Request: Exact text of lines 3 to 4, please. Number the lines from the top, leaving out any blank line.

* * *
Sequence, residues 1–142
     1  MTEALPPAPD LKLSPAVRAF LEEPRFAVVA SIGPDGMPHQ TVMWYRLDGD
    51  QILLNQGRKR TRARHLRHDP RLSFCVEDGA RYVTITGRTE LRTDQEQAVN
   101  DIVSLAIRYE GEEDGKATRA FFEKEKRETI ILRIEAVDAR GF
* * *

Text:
    51  QILLNQGRKR TRARHLRHDP RLSFCVEDGA RYVTITGRTE LRTDQEQAVN
   101  DIVSLAIRYE GEEDGKATRA FFEKEKRETI ILRIEAVDAR GF